Ancient Monuments

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Moated site at Astwood Court

A Scheduled Monument in Astwood Bank and Feckenham, Worcestershire

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Coordinates

Latitude: 52.2588 / 52°15'31"N

Longitude: -1.9559 / 1°57'21"W

OS Eastings: 403105.399189

OS Northings: 262296.945597

OS Grid: SP031622

Mapcode National: GBR 3JC.BBS

Mapcode Global: VHB01.1HV7

Entry Name: Moated site at Astwood Court

Scheduled Date: 21 September 1978

Last Amended: 24 April 2002

Source: Historic England

Source ID: 1020711

English Heritage Legacy ID: 30019

County: Worcestershire

Electoral Ward/Division: Astwood Bank and Feckenham

Traditional County: Worcestershire

Lieutenancy Area (Ceremonial County): Worcestershire

Church of England Parish: Astwood Bank St Matthias and St George

Church of England Diocese: Worcester

Details

The monument includes the buried and earthwork remains of a small
five-sided moated site located in a broad, low-lying, undulating valley,
which lay within the jurisdiction of the medieval Royal Forest of
Feckenham. The moated site measures approximately 125m east-west by 90m
north-south, its island approximately 90m east-west by 60m north-south.
The arms of the moat survive in good condition and are water-filled. They
vary from 5m to 10m wide, being widest across the angles, and are 2m to 5m
deep. The moat is spring fed from the north east and a culverted outlet
passes under the road from the western angle of the moat.

A timber framed farmhouse, which is Listed Grade II and of largely 16th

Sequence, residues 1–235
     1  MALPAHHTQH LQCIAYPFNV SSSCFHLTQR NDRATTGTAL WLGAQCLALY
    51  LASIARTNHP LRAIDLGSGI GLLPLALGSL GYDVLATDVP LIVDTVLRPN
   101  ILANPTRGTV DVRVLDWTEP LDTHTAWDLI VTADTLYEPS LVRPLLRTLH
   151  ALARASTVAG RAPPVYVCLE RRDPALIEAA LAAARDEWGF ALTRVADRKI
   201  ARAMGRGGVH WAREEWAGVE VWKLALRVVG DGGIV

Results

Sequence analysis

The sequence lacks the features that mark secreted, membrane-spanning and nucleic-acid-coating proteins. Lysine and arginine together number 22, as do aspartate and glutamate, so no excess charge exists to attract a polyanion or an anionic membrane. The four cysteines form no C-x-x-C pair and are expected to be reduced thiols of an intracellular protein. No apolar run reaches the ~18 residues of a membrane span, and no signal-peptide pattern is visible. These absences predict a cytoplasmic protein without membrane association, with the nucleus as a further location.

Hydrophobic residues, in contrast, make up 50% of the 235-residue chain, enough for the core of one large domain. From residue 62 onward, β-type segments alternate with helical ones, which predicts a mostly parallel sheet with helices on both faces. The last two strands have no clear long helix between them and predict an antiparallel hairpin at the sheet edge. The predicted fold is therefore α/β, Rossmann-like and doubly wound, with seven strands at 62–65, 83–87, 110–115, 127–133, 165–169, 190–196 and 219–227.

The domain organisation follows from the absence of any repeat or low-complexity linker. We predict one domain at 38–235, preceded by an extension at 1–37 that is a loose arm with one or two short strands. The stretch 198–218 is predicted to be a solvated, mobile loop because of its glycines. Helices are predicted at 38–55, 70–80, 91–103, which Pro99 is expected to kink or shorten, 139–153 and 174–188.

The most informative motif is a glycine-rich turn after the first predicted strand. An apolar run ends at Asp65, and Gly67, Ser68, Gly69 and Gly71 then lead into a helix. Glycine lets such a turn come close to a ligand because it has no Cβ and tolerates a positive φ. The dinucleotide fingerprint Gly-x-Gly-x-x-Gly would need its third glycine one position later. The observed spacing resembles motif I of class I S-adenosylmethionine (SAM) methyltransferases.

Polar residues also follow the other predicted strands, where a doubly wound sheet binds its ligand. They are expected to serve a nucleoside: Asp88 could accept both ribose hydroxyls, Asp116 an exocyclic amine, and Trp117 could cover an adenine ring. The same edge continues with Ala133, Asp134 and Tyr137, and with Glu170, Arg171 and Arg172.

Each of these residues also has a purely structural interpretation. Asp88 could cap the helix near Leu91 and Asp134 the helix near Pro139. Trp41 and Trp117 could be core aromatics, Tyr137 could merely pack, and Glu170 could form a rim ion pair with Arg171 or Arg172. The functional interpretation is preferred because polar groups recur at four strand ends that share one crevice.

to 17th century construction, with a possible 15th century hall at its
core, occupies the western portion of the moat island and is excluded from
the scheduling, although the ground beneath it is included. The surface of
the island is level with the surrounding ground, although the remains of
an inner lip survive around the south eastern angle.

The timber framed farmhouse and its associated buildings, all modern foot
bridges, the surfaces of garden paths, patios and driveways and all garden
furniture and fences are excluded from the scheduling, although the ground
beneath all these features is included.

MAP EXTRACT
The site of the monument is shown on the attached map extract.
It includes a 2 metre boundary around the archaeological features,
considered to be essential for the monument's support and preservation.

Source: Historic England

Reasons for Scheduling

Around 6,000 moated sites are known in England. They consist of wide ditches,
often or seasonally water-filled, partly or completely enclosing one or more
islands of dry ground on which stood domestic or religious buildings. In some
cases the islands were used for horticulture. The majority of moated sites
served as prestigious aristocratic and seigneurial residences with the
provision of a moat intended as a status symbol rather than a practical
military defence. The peak period during which moated sites were built was
between about 1250 and 1350 and by far the greatest concentration lies in
central and eastern parts of England. However, moated sites were built
throughout the medieval period, are widely scattered throughout England and
exhibit a high level of diversity in their forms and sizes. They form a
significant class of medieval monument and are important for the understanding
of the distribution of wealth and status in the countryside. Many examples
provide conditions favourable to the survival of organic remains.

The moated site at Astwood Court is a well-preserved example of a simple
moat typical of many to be found in the area. The survival of a water-
filled moat with limited recent disturbance will provide archaeological
and environmental information. The survival of two other moated sites each
within 1.5km of Astwood Court will provide the opportunity to consider the
relationships between high status settlements in the region during the
medieval period, and particularly to examine the arrangement of manorial
complexes within the Royal Forest of Feckenham.

Source: Historic England

Sources

Books and journals
The Victoria History of the County of Worcester: Volume III, (1913)

Source: Historic England

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